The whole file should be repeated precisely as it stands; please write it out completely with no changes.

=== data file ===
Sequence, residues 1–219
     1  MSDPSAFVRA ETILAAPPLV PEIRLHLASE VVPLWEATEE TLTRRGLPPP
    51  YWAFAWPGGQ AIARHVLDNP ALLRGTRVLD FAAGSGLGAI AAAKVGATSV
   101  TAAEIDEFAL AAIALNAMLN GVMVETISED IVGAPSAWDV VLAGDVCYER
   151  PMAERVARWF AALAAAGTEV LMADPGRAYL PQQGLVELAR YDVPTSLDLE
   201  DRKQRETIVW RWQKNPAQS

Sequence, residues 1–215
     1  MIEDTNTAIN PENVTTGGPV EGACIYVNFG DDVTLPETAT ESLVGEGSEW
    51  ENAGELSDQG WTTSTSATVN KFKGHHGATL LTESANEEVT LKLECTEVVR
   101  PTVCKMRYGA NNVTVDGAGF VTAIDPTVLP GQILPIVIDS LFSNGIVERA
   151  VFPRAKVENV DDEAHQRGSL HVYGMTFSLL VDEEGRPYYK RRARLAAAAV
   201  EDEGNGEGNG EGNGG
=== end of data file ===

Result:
Sequence, residues 1–219
     1  MSDPSAFVRA ETILAAPPLV PEIRLHLASE VVPLWEATEE TLTRRGLPPP
    51  YWAFAWPGGQ AIARHVLDNP ALLRGTRVLD FAAGSGLGAI AAAKVGATSV
   101  TAAEIDEFAL AAIALNAMLN GVMVETISED IVGAPSAWDV VLAGDVCYER
   151  PMAERVARWF AALAAAGTEV LMADPGRAYL PQQGLVELAR YDVPTSLDLE
   201  DRKQRETIVW RWQKNPAQS

Sequence, residues 1–215
     1  MIEDTNTAIN PENVTTGGPV EGACIYVNFG DDVTLPETAT ESLVGEGSEW
    51  ENAGELSDQG WTTSTSATVN KFKGHHGATL LTESANEEVT LKLECTEVVR
   101  PTVCKMRYGA NNVTVDGAGF VTAIDPTVLP GQILPIVIDS LFSNGIVERA
   151  VFPRAKVENV DDEAHQRGSL HVYGMTFSLL VDEEGRPYYK RRARLAAAAV
   201  EDEGNGEGNG EGNGG